The Williams Report, August 2018
The Rauner Administration acknowledged a $1.2 billion structural deficit in an offer to sell $920 million in state bonds. This deficit is a result of the previous deficit bonding, outmigration and lack of pension reform.
Airbnb operators may soon face new taxes and regulations in Baltimore. Many have offered to “pay the tax” in exchange for avoiding potential new licensing and inspection requirements.
Montana Chief Justice approves ballot initiative on discriminatory tobacco taxes, despite language petitioners claimed was prejudicial and confusing to voters.
Revenue from wind energy taxes currently accrue entirely to local governments, but the bill would empower the state to retain some revenues in line with existing policies on coal and oil revenue.
Measure 104 is a ballot initiative that extends the restrictions on raising new revenue to the proposed repeal of tax expenditures, namely Oregon’s Mortgage Interest Deduction
In a letter sent to state agencies last week, state budget officer Tom Mullaney said the state is facing a deficit of $158 million in its 2019-20 budget year – largely a result of continued irresponsible spending.
By expanding the EITC, many low and middle-income earners could go from simply recouping some of their own money through a refund to earning a net profit from filing taxes.
Localities are bargaining public teacher’s salaries with funding they don’t have, and expect the state to pay the difference.
Large crests and troughs in the price for oil and gas is swinging local government revenues from surplus to funding crisis to temporary relief as prices swing back up.
After reproducing full-text articles from major publications such as the New York Times and The Wall Street Journal, CalPERS is now on the hook for millions in fines – a startling abuse of taxpayer and beneficiary dollars.
Two California firefighter union leaders are seeking to expand their public pensions because they never took a day off work. By using overtime in calculating pension benefits, some employees are able to collect benefits in massive excess of what they paid into the system, forcing taxpayers and younger workers to pay the difference.
Now that the state has agreed to pay off a half-billion dollars of debt the city ran up, Hartford’s city council has decided to kick the can down the road on tackling the reforms necessary to prevent another near or, more likely, actual bankruptcy.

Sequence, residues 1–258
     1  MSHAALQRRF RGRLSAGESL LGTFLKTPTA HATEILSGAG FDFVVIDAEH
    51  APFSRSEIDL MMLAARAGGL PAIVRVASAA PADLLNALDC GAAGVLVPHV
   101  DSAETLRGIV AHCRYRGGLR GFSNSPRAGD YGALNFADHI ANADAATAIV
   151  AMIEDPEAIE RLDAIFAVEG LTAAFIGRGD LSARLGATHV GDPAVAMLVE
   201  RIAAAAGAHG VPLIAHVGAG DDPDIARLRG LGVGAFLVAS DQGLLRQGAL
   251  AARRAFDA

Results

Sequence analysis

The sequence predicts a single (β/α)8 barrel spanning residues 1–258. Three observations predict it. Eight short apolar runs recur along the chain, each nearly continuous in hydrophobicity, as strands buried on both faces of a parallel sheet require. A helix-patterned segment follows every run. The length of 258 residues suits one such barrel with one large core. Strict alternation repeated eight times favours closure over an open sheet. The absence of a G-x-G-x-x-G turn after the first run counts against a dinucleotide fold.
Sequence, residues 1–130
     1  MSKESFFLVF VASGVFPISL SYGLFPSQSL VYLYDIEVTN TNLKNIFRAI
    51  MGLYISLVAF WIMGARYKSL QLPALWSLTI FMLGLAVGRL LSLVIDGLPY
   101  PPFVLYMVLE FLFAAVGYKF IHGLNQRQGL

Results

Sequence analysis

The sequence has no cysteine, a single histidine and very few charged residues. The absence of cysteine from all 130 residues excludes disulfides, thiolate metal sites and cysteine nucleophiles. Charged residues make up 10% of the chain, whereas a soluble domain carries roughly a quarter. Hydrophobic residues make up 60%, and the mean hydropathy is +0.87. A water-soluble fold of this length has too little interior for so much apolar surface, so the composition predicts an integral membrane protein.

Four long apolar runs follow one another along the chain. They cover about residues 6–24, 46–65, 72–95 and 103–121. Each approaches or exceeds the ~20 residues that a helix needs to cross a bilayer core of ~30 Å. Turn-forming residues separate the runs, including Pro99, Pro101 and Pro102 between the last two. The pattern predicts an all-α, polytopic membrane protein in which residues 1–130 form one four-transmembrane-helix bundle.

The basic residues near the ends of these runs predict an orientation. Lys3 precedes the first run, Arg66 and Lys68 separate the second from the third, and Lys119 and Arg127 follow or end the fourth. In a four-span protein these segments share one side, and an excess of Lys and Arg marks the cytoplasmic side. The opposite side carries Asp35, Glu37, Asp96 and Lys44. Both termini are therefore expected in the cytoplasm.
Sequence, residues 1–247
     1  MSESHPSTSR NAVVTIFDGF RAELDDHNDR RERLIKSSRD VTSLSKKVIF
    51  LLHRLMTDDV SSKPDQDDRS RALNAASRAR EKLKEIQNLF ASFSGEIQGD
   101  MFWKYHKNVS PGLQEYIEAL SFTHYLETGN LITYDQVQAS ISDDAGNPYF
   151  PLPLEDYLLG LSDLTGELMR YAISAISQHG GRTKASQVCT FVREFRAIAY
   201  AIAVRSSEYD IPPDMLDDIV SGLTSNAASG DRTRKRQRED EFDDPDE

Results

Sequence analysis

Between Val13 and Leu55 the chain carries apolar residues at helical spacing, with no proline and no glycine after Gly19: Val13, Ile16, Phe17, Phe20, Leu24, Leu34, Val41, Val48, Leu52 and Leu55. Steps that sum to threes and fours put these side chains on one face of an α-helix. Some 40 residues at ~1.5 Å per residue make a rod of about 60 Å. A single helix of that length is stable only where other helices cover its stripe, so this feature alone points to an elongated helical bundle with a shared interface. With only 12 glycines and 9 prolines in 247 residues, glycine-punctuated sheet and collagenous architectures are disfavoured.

After arbitration, Metro management agreed to pay increases on 1.6 percent over four years but failed to address nearly $3 billion in unfunded retirement liability.
The City of Chicago has the same upside-down relationship between active and retired public safety workers as New York City. With fewer people pulling the cart than riding it, fewer dollars will be flowing into the pension than those being paid to beneficiaries, making needed reforms even harder for managers to stomach.
Governor Bevin, lawmakers, and unions must come together for meaningful conversations and set aside partisan talking points should they desire any reforms to the pension system.
Budget Director Dan Villa has been tapped to head the state pension investment authority.
A Bipartisan Legislative Commission recommends scaling back public-employee benefits in the face of mounting unfunded liabilities.
With fewer employees contributing to the pension fund, NYC’s police retirement system has become unsustainable.
A 15.4 percent return is more than double what PERS expected, but still isn’t enough to dig out the system from the effects of years of mismanagement. Volatile returns, overgenerous benefits, and repeated failure to make adequate annual required contributions continues to drive up the system’s unfunded liabilities.
Bondholders in debt issued by Puerto Rico’s Employees Retirement System were denied a bid to claim collateral property.
To avoid a situation like neighboring Dallas, Fort Worth city leaders announce they are pursuing several unnamed avenues to resolve their $1.6 billion shortfall.